Published July 3, 2006

Edward Deming's 14 Principles: Business Quality Improvement

W. Edward Deming was a champion of quality. If you're trying to figure out where you heard that name before, that's probably where; the concept of quality and the name of W. Edward Deming are inextricably linked.

Deming was a statistician and worked on improving manufacturing processed during World War II. After the war, though, he was virtually ignored in America. It was a boom time for the US and manufacturers were trying to keep up with demand by mass producing products of lower and lower quality to cut costs and feed consumer desire, and keep them coming back for more due to obsolescence. Products become obsolete due to breakdown and overuse, new designs and technology, or popular fads.

But Deming was in high demand in Japan. His focus on quality over cost won out in post-war Japan. Because of his advice, it should come as no surprise that Japanese manufacturers overtook American manufacturers in the late seventies and early eighties because of the quality of their product. By the mid-eighties, Deming's consultation was in high demand as American manufacturers tried to catch up. Although the electronics industry arguably never caught up, the automotive industry took notice, made changes, and saved themselves from ruin.

The Japanese credit him with transforming their country's economy. Because he raised the bar so high in Japan - and that forced the hand of American manufacturer - it's easy to see that Deming had a huge impact on global manufacturing and trade.

But Deming was more than just a statistician with some helpful suggestions on quality improvement. If you visit the Deming Institute's website at www.deming.org, you'll see that its interest is not about merely giving advice for statistical improvement. Both Deming and his company have a grand vision for global business. Deming desired to see his ideas used to promote commerce, prosperity, and peace. His grand vision should be the shared vision of every business - large and small - in the world.

Among the many helpful ideas he published, he created 14 key principles to transform the effectiveness and productivity of business. Although we won't look at them all here, we will talk about a few of his principles that you can test against your company to make sure it's building a foundation of quality for a successful future.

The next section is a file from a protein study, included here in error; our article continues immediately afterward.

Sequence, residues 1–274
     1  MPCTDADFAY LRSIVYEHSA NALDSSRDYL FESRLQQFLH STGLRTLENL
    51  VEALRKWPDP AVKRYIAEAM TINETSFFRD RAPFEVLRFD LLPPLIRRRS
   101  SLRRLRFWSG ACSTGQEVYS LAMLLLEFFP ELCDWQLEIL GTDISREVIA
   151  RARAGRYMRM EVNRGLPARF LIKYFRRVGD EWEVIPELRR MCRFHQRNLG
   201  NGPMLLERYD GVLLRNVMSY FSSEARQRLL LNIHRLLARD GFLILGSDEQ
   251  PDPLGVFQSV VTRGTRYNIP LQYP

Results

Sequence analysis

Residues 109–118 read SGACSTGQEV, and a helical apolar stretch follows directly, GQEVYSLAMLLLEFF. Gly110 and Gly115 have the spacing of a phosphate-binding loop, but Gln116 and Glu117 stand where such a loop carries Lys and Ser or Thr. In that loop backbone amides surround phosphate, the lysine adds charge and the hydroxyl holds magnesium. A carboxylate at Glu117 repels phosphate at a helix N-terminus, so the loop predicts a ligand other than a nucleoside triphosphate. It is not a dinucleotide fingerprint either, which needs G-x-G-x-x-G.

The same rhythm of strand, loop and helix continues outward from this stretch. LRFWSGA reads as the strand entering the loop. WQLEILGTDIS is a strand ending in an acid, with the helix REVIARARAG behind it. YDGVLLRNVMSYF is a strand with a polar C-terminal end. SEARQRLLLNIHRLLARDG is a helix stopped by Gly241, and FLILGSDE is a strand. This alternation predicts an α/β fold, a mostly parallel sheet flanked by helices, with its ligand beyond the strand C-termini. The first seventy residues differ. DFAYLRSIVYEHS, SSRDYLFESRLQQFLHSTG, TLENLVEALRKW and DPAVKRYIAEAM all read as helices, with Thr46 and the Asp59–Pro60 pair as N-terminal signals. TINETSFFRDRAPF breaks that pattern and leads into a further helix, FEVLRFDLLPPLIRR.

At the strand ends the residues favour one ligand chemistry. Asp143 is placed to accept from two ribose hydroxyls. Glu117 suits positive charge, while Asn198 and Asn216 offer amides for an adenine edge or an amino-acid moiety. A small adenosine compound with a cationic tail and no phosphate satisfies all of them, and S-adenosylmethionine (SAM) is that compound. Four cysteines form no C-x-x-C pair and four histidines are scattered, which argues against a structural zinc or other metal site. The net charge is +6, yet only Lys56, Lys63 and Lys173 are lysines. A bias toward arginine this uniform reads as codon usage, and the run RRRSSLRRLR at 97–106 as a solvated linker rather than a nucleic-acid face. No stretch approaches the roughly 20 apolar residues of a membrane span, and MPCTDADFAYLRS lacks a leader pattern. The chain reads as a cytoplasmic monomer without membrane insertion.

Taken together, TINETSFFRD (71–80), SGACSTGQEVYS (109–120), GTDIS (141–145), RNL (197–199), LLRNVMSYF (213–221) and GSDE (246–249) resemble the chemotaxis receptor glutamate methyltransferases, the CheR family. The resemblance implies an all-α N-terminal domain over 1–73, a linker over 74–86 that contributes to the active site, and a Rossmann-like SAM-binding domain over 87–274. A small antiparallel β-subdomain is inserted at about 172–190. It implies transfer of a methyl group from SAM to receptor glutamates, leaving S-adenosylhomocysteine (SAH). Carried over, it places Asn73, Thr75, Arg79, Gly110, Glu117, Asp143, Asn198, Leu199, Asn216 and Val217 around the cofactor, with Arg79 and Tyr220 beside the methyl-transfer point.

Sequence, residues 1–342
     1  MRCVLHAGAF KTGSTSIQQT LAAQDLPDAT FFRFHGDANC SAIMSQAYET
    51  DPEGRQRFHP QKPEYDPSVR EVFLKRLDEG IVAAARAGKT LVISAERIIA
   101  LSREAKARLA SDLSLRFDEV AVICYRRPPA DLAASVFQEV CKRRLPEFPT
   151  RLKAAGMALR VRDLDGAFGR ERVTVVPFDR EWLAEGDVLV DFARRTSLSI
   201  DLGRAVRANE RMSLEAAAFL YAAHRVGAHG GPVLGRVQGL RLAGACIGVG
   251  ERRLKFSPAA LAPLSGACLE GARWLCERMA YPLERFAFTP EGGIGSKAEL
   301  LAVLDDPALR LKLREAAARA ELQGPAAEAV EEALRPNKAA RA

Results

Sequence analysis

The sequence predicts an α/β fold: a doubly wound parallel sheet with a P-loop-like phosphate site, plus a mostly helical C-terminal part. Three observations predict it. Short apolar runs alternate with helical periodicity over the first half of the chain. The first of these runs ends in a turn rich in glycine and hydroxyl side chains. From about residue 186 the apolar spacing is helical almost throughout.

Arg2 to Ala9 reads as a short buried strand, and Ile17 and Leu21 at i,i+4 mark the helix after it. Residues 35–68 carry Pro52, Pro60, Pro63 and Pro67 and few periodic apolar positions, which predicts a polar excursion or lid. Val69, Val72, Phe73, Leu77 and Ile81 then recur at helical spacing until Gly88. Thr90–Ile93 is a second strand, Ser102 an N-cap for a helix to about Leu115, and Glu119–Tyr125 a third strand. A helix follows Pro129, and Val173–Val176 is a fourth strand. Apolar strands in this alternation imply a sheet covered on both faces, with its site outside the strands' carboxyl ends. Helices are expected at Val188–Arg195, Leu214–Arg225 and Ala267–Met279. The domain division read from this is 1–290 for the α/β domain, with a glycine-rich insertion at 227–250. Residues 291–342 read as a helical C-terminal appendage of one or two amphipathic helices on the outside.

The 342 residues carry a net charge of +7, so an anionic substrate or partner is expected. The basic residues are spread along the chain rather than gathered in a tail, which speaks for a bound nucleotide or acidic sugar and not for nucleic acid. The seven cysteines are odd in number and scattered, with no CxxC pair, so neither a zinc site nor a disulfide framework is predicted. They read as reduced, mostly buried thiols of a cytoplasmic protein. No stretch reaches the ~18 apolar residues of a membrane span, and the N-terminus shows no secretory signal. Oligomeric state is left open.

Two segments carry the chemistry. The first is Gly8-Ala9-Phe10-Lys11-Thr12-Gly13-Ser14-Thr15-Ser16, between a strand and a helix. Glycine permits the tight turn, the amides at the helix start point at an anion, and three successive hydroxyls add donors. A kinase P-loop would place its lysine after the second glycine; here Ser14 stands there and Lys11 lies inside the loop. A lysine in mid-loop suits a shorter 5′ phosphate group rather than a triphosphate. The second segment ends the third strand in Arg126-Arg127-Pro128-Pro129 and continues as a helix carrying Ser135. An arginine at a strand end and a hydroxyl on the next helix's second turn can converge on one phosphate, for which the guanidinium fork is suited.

Deming had a vision of a company that provided quality products to its customers and a quality work environment to its employees. That company also...

  • Did not award projects to vendors or suppliers based on price alone but on seeking mutual value and long term partnerships. When you look for vendors, are you looking solely at the price tag, or at the long term value they can provide?
  • Sought out a win/win situation for everyone: the owners, the employers, the customers, and the vendors. Many companies focus entirely on the bottom line and ignore everything else. Still other companies spend too much time worrying about customer service at the cost of their employee's satisfaction. (Yes, you read that last sentence correctly). Does your company take a balanced view of all 4 parties involved in every transaction your company does?
  • Destroy bureaucracy in favor of communication. Does your company rely on policies, procedures, and "that's the way it's always been done"? Sometimes that's a good thing; usually it bogs the company down from growth.
  • Substitute leadership for numerical goals. Does your middle management compare employees to some kind of grid? Do you measure your business' success strictly to the bottom line? Do you create goals that are only based on a bigger number than last year's?
  • Help people discover joy in their work. Your employees - whether it's a staff of one or one thousand - can make or break your company. This concept is being rediscovered in the recently popular "FISH" philosophy.
Deming said that companies that focus on quality will see their costs go down while companies that focus on cost will see their costs go up. Use this test as a gauge to see how you stack up against one of the greatest business minds of the past century.